As with some of Wright’s other more popular-audience-geared works, Wright avoids much direct engagement with the viewpoints he criticizes, but spends more time constructing his own reading. He makes it clear in the preface that this work began as a series of lectures geared to help people “engaged in parish and pastoral work.” He expanded the scope hoping to be taken more seriously by “theologians as well as biblical scholars,” but compared to his last few books this one felt a bit more muddled (xvi). His characteristic wit and clever voice is present, but his exegetical decisions often seemed more theory-driven without justifying the theory. So if you’re interested in becoming more familiar with Wright’s latest work, I suggest starting with Simply Jesus. He covers a lot of the same material there, although Wright’s expanded material on Jesus’s crucifixion-as-enthronement in How God Became King is the best contribution this book makes. There are so many interesting observations which give a new spin on familiar New Testament passages that mentioning one will have to suffice by way of wrapping this review up–
When James and John pull Jesus aside, asking to have the seats on his right and left “in his kingdom,” Jesus rebukes them (in Wright’s own New Testament translation’s prose):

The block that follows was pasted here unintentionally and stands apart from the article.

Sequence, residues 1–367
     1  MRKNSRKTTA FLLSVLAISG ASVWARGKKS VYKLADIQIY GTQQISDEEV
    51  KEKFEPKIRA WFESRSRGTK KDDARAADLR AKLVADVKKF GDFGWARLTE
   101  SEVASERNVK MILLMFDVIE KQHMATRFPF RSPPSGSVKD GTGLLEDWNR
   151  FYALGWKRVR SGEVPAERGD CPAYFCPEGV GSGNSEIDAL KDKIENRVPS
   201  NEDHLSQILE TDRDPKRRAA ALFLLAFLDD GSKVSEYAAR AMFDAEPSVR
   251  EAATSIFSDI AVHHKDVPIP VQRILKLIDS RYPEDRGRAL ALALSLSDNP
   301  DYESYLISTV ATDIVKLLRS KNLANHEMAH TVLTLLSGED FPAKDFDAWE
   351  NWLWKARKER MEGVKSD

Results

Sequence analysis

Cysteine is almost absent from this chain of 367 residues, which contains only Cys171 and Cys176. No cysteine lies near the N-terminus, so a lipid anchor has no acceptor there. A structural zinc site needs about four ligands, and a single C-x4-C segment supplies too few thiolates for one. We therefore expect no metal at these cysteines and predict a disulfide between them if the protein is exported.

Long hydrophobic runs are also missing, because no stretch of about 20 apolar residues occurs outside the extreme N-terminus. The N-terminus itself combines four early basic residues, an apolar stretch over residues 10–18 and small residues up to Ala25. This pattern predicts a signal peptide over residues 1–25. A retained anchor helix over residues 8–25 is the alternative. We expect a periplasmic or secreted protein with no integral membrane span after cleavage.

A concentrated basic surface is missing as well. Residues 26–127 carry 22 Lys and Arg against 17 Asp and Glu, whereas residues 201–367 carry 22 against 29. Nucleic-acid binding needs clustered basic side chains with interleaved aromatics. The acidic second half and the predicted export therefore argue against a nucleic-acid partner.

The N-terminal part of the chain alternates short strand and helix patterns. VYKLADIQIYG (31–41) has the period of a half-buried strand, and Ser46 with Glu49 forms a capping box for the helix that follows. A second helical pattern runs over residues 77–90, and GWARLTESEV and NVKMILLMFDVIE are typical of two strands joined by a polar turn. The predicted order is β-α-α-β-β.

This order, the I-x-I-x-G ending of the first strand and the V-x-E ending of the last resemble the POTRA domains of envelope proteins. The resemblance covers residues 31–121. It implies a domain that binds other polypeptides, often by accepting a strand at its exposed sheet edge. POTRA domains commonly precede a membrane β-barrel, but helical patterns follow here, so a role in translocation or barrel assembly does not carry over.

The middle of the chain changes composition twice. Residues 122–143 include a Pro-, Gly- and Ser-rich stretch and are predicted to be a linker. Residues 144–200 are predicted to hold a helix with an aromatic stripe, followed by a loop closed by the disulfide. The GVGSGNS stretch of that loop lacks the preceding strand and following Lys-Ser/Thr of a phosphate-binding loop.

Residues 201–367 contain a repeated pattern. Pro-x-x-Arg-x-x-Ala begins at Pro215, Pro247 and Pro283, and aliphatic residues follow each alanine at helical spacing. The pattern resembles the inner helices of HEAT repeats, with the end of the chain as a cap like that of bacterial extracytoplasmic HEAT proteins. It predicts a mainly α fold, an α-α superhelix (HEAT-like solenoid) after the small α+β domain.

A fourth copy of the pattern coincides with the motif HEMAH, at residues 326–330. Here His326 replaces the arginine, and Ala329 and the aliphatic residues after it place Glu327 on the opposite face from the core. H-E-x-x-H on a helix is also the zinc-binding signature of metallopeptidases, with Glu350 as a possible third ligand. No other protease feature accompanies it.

“You don’t know what you’re asking for!…Can you drink the cup I’m going to drink? Can you receive the baptism I’m going to receive?”
“Yes,” they said, “we can.”
“Well,” said Jesus, “you will drink the cup I drink; you will receive the baptism I receive. But sitting at my right hand or my left–that’s not up to me. It’s been assigned already” (Mark 10:38-40).
“The significance of this in our present discussion is massive,” Wright observes. In chapter 15 Mark depicts the two thieves on Jesus’s right and left in their assigned seats next to Jesus on his throne of wood. “That is the powerful–if deeply paradoxical!–‘coming of the kingdom’ as spoken of,” but the disciples have work yet to do (227).
Tantalizingly, Wright hints to the work he still has yet to do by concluding his preface with the announcement of having been brought onto the Divinity school faculty of the University of St. Andrews in 2010. For the past few decades Wright has worked more outside of the academic mainstream by trying to “relate the academic study of the gospels to the street-level life of the church.” Now he wishes to bring “reflections that were occasioned by my work in the wider world into the bright light and searching scrutiny of the academy. There is, of course, much more work to do, and I hope to return to the four gospels in a much fuller academic context before long” (xvii).